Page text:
Susan Walsh, Associated Press
President Donald Trump, left, sitting next to Senate Finance Committee Chairman Sen. Orrin Hatch, R-Utah, right, speaks during a meeting of the committee and members of the President's economic team in the Cabinet Room of the White House in Washington, Wednesday, Oct. 18, 2017.

SALT LAKE CITY — President Donald Trump is pushing Sen. Orrin Hatch, R-Utah, to run for an eighth term.

But the senator’s office insists it’s not to block former GOP presidential nominee Mitt Romney from getting into the race.

Politico reported Sunday that Trump is going all out to persuade Hatch to seek re-election in no small part to prevent his longtime nemesis, Romney, from winning the seat.

Trump has been urging Hatch to run long before Romney entered the conversation, according to the senator’s office.

“Whether it’s confirming judges, passing tax reform or accomplishing any part of his agenda, Hatch is a key player in getting anything done,” Hatch spokesman Matt Whitlock said late Sunday.

As a GOP Senate leader and chairman of the Senate Finance Committee, Hatch has worked “exceptionally” well with the president, Whitlock said.

Hatch, the second senator to endorse Trump during the presidential campaign, has said he’s running again but has not announced a final decision.

Romney has been preparing to run for Hatch’s seat on the long-held assumption that the 83-year-old would retire, according to Politico.

Yet Hatch, the longest-serving Republican senator in history, is now refusing to rule out another campaign — a circumstance Romney’s infuriated inner circle blames squarely on the president. Their suspicions are warranted: Trump has sounded off to friends about how he doesn't like the idea of a Senator Romney, Politico reports.

Also, Trump’s former chief strategist, Steve Bannon, is contemplating endorsing Hatch to block Romney, the Washington Examiner reported Sunday.

“If Steve had a choice between Orrin Hatch and Mitt Romney, he would pick Hatch 10 times out of 10,” the Examiner reported, citing a source close to Bannon.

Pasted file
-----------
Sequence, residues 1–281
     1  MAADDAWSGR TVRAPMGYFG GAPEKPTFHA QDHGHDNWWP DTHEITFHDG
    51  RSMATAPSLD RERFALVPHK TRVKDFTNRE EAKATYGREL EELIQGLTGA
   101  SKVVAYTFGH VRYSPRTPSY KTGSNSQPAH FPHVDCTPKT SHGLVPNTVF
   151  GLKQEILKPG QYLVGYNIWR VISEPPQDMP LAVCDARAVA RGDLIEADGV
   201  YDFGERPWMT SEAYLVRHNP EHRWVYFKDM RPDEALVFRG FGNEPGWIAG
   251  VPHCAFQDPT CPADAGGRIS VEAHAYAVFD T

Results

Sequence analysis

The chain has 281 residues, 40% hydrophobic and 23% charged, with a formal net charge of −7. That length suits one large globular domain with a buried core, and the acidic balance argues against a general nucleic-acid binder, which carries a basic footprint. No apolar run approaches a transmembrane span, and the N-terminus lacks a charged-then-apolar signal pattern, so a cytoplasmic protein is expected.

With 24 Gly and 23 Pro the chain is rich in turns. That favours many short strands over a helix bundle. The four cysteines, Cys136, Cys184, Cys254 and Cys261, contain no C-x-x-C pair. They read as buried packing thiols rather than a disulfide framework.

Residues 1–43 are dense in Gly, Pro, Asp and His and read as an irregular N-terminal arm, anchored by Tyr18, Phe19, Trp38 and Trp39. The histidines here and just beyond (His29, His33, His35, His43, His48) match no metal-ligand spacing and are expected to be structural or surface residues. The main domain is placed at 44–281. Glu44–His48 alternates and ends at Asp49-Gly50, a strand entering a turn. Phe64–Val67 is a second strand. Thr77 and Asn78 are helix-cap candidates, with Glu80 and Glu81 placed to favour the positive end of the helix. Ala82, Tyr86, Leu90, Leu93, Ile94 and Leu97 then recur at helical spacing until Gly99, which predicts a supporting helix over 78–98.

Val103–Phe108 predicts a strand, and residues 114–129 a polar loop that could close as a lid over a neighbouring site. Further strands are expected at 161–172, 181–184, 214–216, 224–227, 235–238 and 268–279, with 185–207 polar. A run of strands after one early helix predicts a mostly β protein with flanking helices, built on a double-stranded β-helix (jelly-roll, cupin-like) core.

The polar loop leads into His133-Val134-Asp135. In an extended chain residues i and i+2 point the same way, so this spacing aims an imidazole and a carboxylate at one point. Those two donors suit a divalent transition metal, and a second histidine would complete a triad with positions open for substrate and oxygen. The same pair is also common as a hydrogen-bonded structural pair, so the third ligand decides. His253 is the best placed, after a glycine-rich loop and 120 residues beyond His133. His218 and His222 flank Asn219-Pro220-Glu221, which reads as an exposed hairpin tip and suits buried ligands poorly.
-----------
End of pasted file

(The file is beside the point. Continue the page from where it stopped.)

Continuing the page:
Trump has mostly tried to sway Hatch behind the scenes.

But the two will fly together on Air Force One to Salt Lake City on Monday where the president is expected to slash the sizes of Bear Ears and Grand Staircase-Escalante national monuments. Trump previously said he is doing it for Hatch.

Hatch, the president pro tem of the Senate, recently tweeted that Trump is the best president he has served under in the line of succession. Trump later thanked Hatch on Twitter saying, “Let’s continue to make America great again!” The president last week also praised Hatch’s efforts on passing the Republican tax bill.

Romney has called out Trump several times.

During the 2016 presidential primary race, he labeled Trump a fraud and a phony in a University of Utah speech.

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After Trump was elected, Romney was among the candidates interviewed for secretary of state but he has remained critical of the president on social media.

In August, after Trump said there was blame on both sides for violence stemming from a rally of white supremacists and Nazi sympathizers in Charlottesville, West Virginia, Romney said the president needed to apologize.

"No, not the same. One side is racist, bigoted, Nazi. The other opposes racism and bigotry. Morally different universes," Romney tweeted, following up with a Facebook post urging Trump to "act now for the good of the country."